Fishing with Jesus is called evangelism. I know that word makes Episcopalians squirm and become uneasy. We know how those “evangelist” people can be. We are tolerant of others’ views and we’re nice. Often they’re not. They’re pushy and judgmental. That’s why we run if we see one coming, and why we don’t watch religious TV. But you know what? We’re not doing so hot with fishing ourselves. The church today is shrinking, and many outside the church live lives that may also be empty and shrinking, forgotten, lost to God. I wonder if they’d be interested in the good news we find here?

Once in a discussion about getting more members, you know – growing the church, someone looked at me, “You’re trained to do that evangelism stuff for us. That’s your job. I tried it. It doesn’t work.” Fortunately someone spoke up before I could – “No. That’s not how it works. Our job is to go and bring people here. ” I thought, “Okay, here’s a lay person who gets it. I like that.” And then she said, looking at me, “Your job is to preach sermons that inspire us to feel it’s worthwhile to bring someone in here.” “Oh, yes, yes,” I said – “I’m so glad you raise that point.”

Jesus says, “Follow me. I’ll teach you to fish – for people.” And when we ordinary types do, he’ll do extraordinary things through us. What really inspires and gives us passion for fishing is not a sermon, but love – God’s love – reaching first for us, and then through us for others. Too often we love only those we deem worthy of our love and care. I admit – some of those faithless outsiders can be pretty unlovable, mean, negative people. I’ve never seen them here, but I’m told some slip into churches. Chances are, they never have experienced unconditional love and acceptance. It’s hard to love if you don’t know love. Love is God’s extraordinary work God does through ordinary people, like us. We love others as God first loves us – with no strings attached.  If we have not yet encountered God’s love – well, it’s hard to be inspired to do much for God. I grew up thinking, “I’m not good at this fishing thing, Jesus.” I now believe that fishing with Jesus means casting nets of love – something much harder than reeling people in. Just love!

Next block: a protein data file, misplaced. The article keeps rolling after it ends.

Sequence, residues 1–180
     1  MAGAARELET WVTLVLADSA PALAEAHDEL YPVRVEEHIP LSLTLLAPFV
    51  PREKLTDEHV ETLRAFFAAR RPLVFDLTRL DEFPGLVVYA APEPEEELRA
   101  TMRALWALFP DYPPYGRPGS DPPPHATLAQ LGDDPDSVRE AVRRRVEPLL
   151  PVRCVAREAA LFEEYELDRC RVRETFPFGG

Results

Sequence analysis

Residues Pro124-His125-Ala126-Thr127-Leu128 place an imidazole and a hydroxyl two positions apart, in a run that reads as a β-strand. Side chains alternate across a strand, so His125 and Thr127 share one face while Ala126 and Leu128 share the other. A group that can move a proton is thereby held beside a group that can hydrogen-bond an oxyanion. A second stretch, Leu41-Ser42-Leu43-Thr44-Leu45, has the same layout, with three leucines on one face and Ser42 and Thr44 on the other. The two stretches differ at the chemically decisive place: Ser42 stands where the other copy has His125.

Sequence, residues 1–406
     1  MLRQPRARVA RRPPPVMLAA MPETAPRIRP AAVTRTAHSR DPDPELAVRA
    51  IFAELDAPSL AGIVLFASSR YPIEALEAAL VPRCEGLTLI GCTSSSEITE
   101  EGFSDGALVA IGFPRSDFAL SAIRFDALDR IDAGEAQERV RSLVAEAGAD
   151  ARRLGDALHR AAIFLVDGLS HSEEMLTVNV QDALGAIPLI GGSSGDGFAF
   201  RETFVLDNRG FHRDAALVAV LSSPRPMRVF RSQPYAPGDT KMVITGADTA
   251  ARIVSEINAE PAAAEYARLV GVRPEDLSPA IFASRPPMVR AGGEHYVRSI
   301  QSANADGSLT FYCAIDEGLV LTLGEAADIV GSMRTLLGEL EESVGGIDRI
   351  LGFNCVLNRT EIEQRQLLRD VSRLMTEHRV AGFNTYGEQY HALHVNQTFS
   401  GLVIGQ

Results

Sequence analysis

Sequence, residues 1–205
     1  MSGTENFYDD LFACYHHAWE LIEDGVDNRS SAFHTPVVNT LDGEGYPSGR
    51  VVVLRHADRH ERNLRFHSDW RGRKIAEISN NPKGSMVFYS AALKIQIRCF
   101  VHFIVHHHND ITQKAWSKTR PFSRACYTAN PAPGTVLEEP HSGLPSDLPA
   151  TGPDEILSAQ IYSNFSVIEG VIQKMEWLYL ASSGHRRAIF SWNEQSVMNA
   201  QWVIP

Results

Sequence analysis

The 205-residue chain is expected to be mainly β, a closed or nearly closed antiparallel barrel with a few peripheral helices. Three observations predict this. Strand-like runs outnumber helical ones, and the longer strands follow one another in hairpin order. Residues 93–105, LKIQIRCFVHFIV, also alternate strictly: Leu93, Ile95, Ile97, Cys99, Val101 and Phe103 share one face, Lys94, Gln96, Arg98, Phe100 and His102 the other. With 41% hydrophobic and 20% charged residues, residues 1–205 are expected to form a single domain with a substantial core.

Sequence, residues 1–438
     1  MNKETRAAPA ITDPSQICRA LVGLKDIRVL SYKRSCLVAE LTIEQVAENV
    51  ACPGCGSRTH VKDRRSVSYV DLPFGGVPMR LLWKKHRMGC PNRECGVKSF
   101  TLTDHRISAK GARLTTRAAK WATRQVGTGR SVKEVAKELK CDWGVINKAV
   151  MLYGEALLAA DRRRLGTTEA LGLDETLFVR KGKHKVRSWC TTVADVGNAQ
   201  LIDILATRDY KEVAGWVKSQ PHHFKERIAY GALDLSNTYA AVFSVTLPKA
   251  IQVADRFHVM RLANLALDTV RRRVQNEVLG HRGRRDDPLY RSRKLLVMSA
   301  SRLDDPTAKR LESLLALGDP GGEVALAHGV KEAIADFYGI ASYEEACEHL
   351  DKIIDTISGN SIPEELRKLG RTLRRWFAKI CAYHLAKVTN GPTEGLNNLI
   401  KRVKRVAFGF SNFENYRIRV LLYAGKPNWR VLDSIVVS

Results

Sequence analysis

I heard of a church once where someone had this idea that families with newborns or newly “adopteds” could use some meals brought in when they got home. So they organized and began to do that for their member families. Then some lay person came up with this crazy idea: “What if we did this for people who don’t worship with us – or anywhere?” Someone asked: “You mean we’d feed families who may not care a twit for us, or for Jesus?” “Yeah – that’s exactly who I mean.”

And Jesus still comes for us – ordinary folks: “Follow me. I will teach you how to fish – for people.” And you know what – some people still actually take him up on his offer. They cast nets of God’s love to all – and leave it to God to do what needs doing. Wow – what a concept.